by Eno Sarris //
You won’t find many fantasy baseball articles about the implications of Bill Hall joining the Houston Astros this off-season. That’s for good reason: Hall’s faults are well-defined, his upside muted, and his strengths not the kind that lead to fantasy dominance. What might be most notable about the acquisition is how well he will fit in that Astros infield.
Hall is who he is. Almost 3500 plate appearances into his career, we know he’ll take walks at about an average rate (7.8% career, 8.9% last year, average hovers around 8.5%), strike out way too often (28.7% career, 30.2% last year, average hovers around 20%), and put a charge into the ball (.193 ISO career, .209 last year, average hovers around .150). He’s versatile – in that he can play most positions without embarrassing himself, though he’s great with the glove. He’ll most likely start at second base for the Astros, but his history suggests he’ll rack up some games elsewhere by the end of the season.
Of course with that package, Hall’s usual place in fantasy baseball becomes clear. The lack of contact keeps his batting average too low to be a sought-after solution in mixed-league drafts (.250 career, .247 last year) but his ability to hit home runs and fill in at tough positions (Hall played 20+ games at LF and 2B, 5+ games at SS, CF, 3B, and RF) often becomes interesting at some point in the year. He’s mostly a waiver-wire, plug-in type. Maybe a late-round pick.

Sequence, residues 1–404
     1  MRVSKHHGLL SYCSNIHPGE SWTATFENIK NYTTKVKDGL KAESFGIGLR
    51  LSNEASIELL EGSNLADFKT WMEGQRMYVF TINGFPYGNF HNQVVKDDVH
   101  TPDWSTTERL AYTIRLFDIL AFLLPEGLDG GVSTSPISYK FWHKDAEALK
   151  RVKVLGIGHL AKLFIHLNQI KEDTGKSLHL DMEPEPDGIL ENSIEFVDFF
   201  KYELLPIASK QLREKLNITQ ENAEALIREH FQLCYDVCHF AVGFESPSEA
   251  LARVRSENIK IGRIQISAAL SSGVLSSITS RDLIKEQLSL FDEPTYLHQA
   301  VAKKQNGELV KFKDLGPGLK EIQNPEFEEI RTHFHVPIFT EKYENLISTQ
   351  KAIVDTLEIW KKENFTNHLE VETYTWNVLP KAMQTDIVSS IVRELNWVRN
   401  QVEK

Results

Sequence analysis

Remarkably, you might use that tag to describe each member of the Astros’ infield as presently constructed. On that infield, only Clint Barmes struck out less than 30% of the time last year, nobody walked
more than 9% of the time, and Hall’s 18 homers led the group. Dan Symborski’s well-respected ZiPs projections just came out for the Astros, and the projections for Brett Wallace (.261 BA, 17 HR, 59 RBI), Barmes (.245 BA, 11 HR, 8 SB), Hall (.234, 16 HR) and Chris Johnson (.269, 17 HR, 73 RBI) paint an ugly picture: The Astros are a good bet to field the worst fantasy infield in the game next year.
Caveats apply. The average qualifying second baseman put up a .276/.345/.414 line in 2010, and that resulting .138 ISO means that Hall will show well above-average power among his peers at that position. He could keep the starting second base job all year and hit 25 home runs with that short porch in left field, though he’s only once before hit more than 20 home runs. Even if he does top that power mark, the question remains how much losing those 30+ points of batting average will hurt your team.
If your league has corner infield spots, or you took a flier on a young or inconsistent third baseman ahead of Johnson, he could be a late-draft handcuff possibility – but in that case, there’s a chance that someone sees his batting average from last year and likes him better than they should. Wallace and Barmes – well, a wait-and-see approach is best for those two.